What Are the Common Types of Attack on Web Servers?

by Chad Anderson

A malicious attacker has numerous methods at his disposal to compromise Web servers. Web applications require a number of interlaced applications to function properly. This means the Web server's administrator must monitor databases, extended markup languages, script interpreters and much more. Every website running on a Web server has the potential, through coding, to compromise the server. The attacks are broad and numerous, but they all fall into similar categories.

Cross-Site Scripting

Cross-site scripting, according to White Hat Security, is the most common problem on websites, with over 80 percent of sites being vulnerable. XSS allows attackers to run arbitrary code on either a client or the server, depending on the arrangement of the attack. The problem of XSS arises when input strings, in search boxes or forms, are not properly sanitized to remove illegal characters. On submission of a form, a nonsanitized string can escape the form's code and execute its own code, hosted on another site, to exploit the client machine.

SQL Injection

SQL is the most common database language used in conjunction with Web servers. SQL databases store and serve large amounts of user information, including user names, passwords and financial information. As with XSS, an SQL injection attack relies on unsanitized strings to inject an SQL query into the database, either inserting new or requesting current information. This can lead to dozens of enumerated user names, the first step to compromising a user account.

Brute Force Attacks

The brute force attack, which does not require much technical knowledge to accomplish, is why most websites are designed to lock out a user name with five or more failed password attempts. In a brute force attack, an attacker runs through a list of passwords for a given user name, attempting to guess the proper one. This is often done with a dictionary file, catered to the hacker's attack vector, that can guess the user's passwords more quickly. Another angle to brute force attacks is the guessing of the answer to a user's security question. This occurs when an attacker gathers enough information about the user that she can accurately guess one or more of the user's security question answers and change the account password.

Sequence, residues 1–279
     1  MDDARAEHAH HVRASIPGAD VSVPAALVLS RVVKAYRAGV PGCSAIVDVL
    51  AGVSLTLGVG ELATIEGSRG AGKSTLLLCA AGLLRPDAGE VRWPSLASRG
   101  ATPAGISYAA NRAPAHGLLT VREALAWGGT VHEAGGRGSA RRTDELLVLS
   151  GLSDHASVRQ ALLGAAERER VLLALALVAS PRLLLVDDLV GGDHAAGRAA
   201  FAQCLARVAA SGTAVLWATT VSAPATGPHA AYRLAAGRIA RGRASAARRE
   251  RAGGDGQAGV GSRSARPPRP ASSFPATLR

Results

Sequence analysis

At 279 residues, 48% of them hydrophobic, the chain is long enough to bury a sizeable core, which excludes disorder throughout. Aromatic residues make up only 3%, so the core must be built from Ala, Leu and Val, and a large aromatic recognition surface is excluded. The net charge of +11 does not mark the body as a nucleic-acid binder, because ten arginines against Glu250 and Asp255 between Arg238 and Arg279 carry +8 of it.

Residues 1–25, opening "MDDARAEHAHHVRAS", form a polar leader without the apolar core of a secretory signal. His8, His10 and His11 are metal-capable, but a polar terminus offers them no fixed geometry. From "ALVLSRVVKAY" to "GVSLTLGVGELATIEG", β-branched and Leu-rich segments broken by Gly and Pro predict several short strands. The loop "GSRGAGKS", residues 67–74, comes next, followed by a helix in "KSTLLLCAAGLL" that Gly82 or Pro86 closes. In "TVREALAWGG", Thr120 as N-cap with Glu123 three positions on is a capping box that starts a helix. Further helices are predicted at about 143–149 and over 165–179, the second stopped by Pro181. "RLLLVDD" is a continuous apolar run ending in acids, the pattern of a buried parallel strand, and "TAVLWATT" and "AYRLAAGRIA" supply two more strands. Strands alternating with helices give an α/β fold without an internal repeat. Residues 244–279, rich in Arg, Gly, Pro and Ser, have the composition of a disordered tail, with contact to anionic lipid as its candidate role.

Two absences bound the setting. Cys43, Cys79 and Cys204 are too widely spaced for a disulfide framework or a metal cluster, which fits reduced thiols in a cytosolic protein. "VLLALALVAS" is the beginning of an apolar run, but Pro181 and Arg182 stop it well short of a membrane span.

Buffer Overflow

A buffer overflow is an application and programming problem that can lead to security breaches. Buffer overflows occur when an application's memory buffer overflows, writing input into memory outside the buffer's bounds. This causes applications to go haywire, often allowing the execution of arbitrary code on the system and sometimes, if executed properly, dropping attackers directly into a system console. Buffer overflows are largely a server problem and less of a Web application one, meaning regular updates will largely eliminate the problem.

About the Author

Chad Anderson began writing professionally in 2009. He primarily contributes articles on technology and outdoor topics for various websites. His areas of interest include Linux and open-source software along with cycling and other outdoor sports. Anderson holds a Bachelor of Arts in English literature from the University of Nevada in Reno.

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